Last week, the U.S. Congress passed the sweeping “CAN-SPAM” bill, creating the first federal law regulating spam. Advocates of the bill say it is a major step forward in the fight against the deluge of e-mail ads for pornography, cheap prescription medicine and scads of other something-for-nothing schemes.
On the other hand, critics contend the law will not stem the tide of unwanted e-mail. They emphasize that the law is weaker than proposed state laws that could have granted e-mail recipients greater protection against marketing messages.
Both sides of the debate do agree on one thing: Spam is a scourge of global proportions. The United States is not the first country to enact laws in the battle against spammers, and it probably will not be the last.
How realistic is it to expect that varied laws in several countries will reduce the amount of spam — and will the United States be seen as an ally in this war, or an irritant?
America the Docile?
Whether the United States is helping to combat the global spam problem or actually exacerbating it is a matter of some debate.
John Movina, spokesperson for the Coalition Against Unsolicited Commercial Email (CAUCE), told the E-Commerce Times that the United States’ new spam law is weaker than the laws of every other country that has tackled this issue through legislation.
“It doesn’t tell anyone not to spam,” he said. “It fails the most basic test for legislation that way. It regulates that method through which companies can spam without telling them not to do it.”
He noted that in the European Union, marketers must obtain the permission of e-mail recipients before they can send messages, whereas in the United States, marketers merely have to provide a way for people to opt out of receivingfuture messages.
Also, the U.S. law does not mandate much in the way of enforcement or punishment for those who break the rules. Because of this, Movina said, spammers actually may target the United States more intensely.
“The answer for spammers could be to move here,” he said.
Anti-spam sites, especially watchdog sites run outside the United States, have been slamming the CAN-SPAM act with ferocity. The Spamhaus Project, which tracks the Internet’s worst spammers and provides anti-spam protection for networks, reported on the law’s passage with the headline “United States set to legalize spamming.” It has dubbed the law the “YOU-CAN-SPAM” Act.
According to Spamhaus, 90 percent of Europe’s spam problem originates in the United States, and the U.S. law’s enactment will further anger European citizens who already resent U.S.-based spammers.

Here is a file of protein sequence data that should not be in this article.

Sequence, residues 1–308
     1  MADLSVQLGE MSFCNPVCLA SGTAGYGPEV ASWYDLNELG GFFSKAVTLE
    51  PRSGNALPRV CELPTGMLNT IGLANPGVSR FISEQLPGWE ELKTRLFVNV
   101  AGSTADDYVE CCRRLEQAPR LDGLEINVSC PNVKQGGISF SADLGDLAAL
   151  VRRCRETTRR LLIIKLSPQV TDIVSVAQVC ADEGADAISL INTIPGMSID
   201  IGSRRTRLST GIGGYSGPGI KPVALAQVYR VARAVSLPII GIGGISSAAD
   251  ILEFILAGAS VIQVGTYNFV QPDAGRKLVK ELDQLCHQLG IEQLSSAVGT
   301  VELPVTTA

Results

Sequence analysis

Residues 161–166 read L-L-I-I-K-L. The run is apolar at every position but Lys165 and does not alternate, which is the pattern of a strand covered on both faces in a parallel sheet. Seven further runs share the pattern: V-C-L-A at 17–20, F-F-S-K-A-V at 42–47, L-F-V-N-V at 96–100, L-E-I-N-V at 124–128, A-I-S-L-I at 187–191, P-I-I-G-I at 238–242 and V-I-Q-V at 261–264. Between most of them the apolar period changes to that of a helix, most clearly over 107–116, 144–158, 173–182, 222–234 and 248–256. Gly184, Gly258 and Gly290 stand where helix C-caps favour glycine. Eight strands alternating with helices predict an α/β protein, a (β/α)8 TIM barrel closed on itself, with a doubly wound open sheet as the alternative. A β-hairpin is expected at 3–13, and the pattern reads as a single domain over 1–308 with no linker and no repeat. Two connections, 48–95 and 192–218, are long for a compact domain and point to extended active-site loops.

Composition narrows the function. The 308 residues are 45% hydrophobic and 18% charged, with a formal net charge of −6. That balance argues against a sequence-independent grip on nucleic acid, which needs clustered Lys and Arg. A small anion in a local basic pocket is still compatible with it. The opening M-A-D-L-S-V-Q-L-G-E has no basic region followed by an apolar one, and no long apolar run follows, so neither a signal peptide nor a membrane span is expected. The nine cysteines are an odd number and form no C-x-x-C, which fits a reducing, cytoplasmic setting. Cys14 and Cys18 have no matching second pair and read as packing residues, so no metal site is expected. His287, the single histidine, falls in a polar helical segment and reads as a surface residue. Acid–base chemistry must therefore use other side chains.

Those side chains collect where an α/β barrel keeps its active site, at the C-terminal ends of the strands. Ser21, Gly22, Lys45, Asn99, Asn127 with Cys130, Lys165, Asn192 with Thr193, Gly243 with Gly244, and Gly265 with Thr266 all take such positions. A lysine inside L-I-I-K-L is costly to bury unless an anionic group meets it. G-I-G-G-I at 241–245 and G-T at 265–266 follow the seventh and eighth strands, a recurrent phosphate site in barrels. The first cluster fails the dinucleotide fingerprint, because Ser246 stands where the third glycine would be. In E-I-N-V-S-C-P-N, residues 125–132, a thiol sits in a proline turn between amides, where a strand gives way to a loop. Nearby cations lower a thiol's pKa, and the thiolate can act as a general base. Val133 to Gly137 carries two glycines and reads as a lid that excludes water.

The site keeps a database of known spammers, spam gangs, spam operations and spam support services. The top five spam countries, based on Spamhaus’ criteria, are the United States, China, South Korea, Brazil and Argentina. Rounding out the top 10 are Canada, Taiwan, Italy, Russia and India.
Lack of One Voice
One tactic for uniting various countries’ anti-spam efforts would be to establish a single rule-making body for Internet law.
However, considering the squabbles that have taken place over Internet law in the past few years, it seems doubtful that a lone organization could step up to the plate andwin the blessings of every country.
One likely candidate could be ICANN, but that organization is careful to define the limits of its ambition. ICANN’s former communications director, Mary Hewitt, told the E-Commerce Times that the organization exists only to oversee the assignment of the Internet’s unique name and number identifiers.
“It’s a technical coordinating body,” she said. “It’s not in place to run the Internet.”
Because so many spammers who act from within the United States are now somewhat protected by the CAN-SPAM Act, combatting spammers globally will prove to be a tough proposition, according to Movina.
He noted that with limited enforcement in the United States, where spamming reportedly is worst, it is unlikely that other countries could set an example through their own laws. After all, it would be difficult to convince spammers to keep their messages within geographical boundaries.
As Bryson Gordon, chief spam prevention officer at McAfee, told the E-Commerce Times: “Spam is spam, that’s what makes it so difficult to control. Spammers don’t discriminate about who they target. They don’t care who’s getting it. All they want is to make sure it gets seen by anyone and everyone, wherever they are.”
Although many in the U.S. Congress and among the general public are hopeful that the new law will bring the United States more in line with international efforts, critics are adamant that this is an unlikely outcome.
“Congress listened to the marketers and not to the consumers,” Movina of CAUCE said. “It’s too early to tell what kind of effect this will have in the long run, but I don’t think it will be a good one.”